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Missing American feared a victim of ‘dirty war’

April 13, 2007

By Guy Dinmore in Washington and Najmeh Bozorgmehr in Tehran

published on FT on April 13 2007

Just why Robert Levinson, a former Federal Bureau of Investigation agent and now private investigator, should venture into Iran to meet a American fugitive wanted for murder in the US remains a mystery that the highest Bush administration authorities are trying to unravel.

As the Financial Times revealed this week, Mr Levinson disappeared on March 8 after a six-hour meeting on the Iranian island of Kish with Dawud Salahuddin, an American who converted to Islam and was recruited by revolutionaries to assassinate an Iranian opposition activist near Washington in 1980.

Friends of Mr Levinson are mystified that he took the risk of travelling for such a meeting. They fear he is the victim of a sting operation by Iranian secret services engaged in an escalating “dirty war” between the US and Iran, involving hostage-taking and covert cross- border operations.

Mr Salahuddin, who fled to Iran after the 1980 murder and has at times expressed interest in returning to the US to face justice, told the FT in Tehran that he, too, feared Mr Levinson was an “innocent victim” of the clash between what he calls Iran’s paranoia about the US and Washington’s misguided foreign policy.

Mr Salahuddin said they registered a room in the Maryam hotel before he, too, was detained that night but released the next day after his Iranian passport was checked. Mr Levinson has not been heard from since. Iran’s foreign ministry says it does not know where he is. The US believes he is in ­detention.

Although it was the first meeting of the two men, Mr Salahuddin and Mr Levinson had been in contact for some time and they share contacts.

Mr Levinson is 59. His long career in and out of the FBI focused on counternarcotics and organised crime, mostly Russian.

British American Tobacco told the FT it had employed Mr Levinson through Bishop International security consultancy to take on cigarette smuggling/counterfeiting work in South America. But BAT denied an assertion by Mr Salahuddin that Mr Levinson had been contracted to work for them in the Middle East. “Our discussions had nothing to do with money but operational procedures and how to approach the officials in Tehran [about cigarette smuggling],” Mr Salahuddin said.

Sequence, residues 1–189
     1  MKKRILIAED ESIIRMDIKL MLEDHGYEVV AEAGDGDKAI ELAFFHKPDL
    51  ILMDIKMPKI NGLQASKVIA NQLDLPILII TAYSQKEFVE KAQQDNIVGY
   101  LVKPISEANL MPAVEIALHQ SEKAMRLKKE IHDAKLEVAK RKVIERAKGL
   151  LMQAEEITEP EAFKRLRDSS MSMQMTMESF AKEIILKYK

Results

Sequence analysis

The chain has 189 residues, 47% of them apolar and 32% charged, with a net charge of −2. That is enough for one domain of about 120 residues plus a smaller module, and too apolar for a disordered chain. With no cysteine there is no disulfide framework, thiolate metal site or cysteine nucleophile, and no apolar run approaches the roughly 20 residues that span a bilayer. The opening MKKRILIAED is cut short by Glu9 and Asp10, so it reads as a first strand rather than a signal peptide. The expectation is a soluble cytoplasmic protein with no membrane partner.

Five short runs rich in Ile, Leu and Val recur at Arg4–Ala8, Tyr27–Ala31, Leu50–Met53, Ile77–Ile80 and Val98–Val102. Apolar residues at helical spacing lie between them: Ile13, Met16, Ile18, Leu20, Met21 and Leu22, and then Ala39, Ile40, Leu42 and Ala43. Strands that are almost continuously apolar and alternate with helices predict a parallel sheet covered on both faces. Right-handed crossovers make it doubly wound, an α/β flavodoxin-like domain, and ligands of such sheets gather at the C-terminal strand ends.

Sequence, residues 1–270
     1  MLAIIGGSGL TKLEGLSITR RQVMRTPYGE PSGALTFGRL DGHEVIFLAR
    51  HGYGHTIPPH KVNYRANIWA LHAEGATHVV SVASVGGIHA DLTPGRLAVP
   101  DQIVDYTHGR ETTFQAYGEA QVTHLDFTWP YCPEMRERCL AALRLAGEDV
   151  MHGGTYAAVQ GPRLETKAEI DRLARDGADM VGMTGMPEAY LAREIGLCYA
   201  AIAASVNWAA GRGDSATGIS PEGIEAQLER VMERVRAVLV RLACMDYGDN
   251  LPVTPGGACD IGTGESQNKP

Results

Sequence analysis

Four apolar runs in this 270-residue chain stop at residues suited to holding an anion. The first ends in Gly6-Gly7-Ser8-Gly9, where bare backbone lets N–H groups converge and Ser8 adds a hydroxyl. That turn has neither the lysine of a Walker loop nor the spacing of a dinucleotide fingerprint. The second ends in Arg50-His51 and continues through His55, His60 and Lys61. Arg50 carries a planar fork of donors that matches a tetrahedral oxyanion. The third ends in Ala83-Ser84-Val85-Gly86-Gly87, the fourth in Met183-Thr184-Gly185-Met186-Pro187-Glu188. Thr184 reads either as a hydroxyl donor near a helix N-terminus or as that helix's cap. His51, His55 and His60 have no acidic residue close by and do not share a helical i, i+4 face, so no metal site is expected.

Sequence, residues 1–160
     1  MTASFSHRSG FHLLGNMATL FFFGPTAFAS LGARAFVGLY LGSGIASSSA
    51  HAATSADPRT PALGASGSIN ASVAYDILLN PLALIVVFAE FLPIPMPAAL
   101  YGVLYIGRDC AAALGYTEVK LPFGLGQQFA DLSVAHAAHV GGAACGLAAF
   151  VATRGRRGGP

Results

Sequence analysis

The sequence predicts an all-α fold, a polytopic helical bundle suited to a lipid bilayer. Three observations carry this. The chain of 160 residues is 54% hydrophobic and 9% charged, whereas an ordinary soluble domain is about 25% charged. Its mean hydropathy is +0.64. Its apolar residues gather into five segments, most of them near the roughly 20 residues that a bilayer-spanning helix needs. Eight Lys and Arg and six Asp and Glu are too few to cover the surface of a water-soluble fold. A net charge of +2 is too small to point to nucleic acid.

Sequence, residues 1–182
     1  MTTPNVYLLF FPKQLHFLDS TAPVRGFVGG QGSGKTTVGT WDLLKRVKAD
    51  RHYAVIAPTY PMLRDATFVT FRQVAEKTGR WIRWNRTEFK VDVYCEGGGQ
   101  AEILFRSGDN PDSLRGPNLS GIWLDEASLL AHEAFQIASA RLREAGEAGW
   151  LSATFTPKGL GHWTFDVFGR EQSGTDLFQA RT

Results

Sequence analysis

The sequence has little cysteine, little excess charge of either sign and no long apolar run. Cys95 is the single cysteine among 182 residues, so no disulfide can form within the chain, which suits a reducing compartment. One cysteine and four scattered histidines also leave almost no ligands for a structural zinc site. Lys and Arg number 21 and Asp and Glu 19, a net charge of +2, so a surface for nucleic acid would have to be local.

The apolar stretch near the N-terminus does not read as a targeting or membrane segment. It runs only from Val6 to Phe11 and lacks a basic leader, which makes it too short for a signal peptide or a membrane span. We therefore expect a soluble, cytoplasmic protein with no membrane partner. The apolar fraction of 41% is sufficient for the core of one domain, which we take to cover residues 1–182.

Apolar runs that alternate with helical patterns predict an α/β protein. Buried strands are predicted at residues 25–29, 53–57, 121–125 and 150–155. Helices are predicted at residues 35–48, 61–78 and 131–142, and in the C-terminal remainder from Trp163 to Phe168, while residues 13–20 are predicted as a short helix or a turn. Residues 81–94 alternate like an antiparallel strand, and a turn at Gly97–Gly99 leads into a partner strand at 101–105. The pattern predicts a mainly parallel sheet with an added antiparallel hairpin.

Over the years, Mr Salahuddin – who goes by the name of Hassan Abdulrahman in Iran, where he is married to an Iranian and works as an editor – developed an intense relationship over the telephone with Carl Shoffler, a legendary Washington DC police detective.

Mr Shoffler, who died in 1996, followed the 1980 murder file and tried to persuade Mr Salahuddin to return to the US. Mr Salahuddin says he nearly did. In the meantime he helped Mr Shoffler liaise with an Iranian criminal investigator on tracking down drug smugglers bringing heroin from Afghanistan through Iran and on to the west. Mr Levinson shared those same interests.

There is another theory for Mr Levinson’s journey to Kish – a possible media connection. In 2002, Ira Silverman, a former NBC chief investigative producer, went to Tehran to meet Mr Salahuddin and wrote about him in the New Yorker magazine. He noted that his capture “would be a triumph for law enforcement”, but also argued that “from an intelligence perspective” he would be “more useful left in place” because of his access to the inner circles in Iran .

Mr Silverman was also a friend of Mr Levinson and Mr Shoffler. Acquaintances believe he introduced Mr Lev­in­son to the fugitive with a documen­tary in mind. Mr Silverman declined to be interviewed for this article.

A US official, who asked not to be named, said US authorities also suspected that Mr Levinson was on a media mission. He did not name Mr Silverman…

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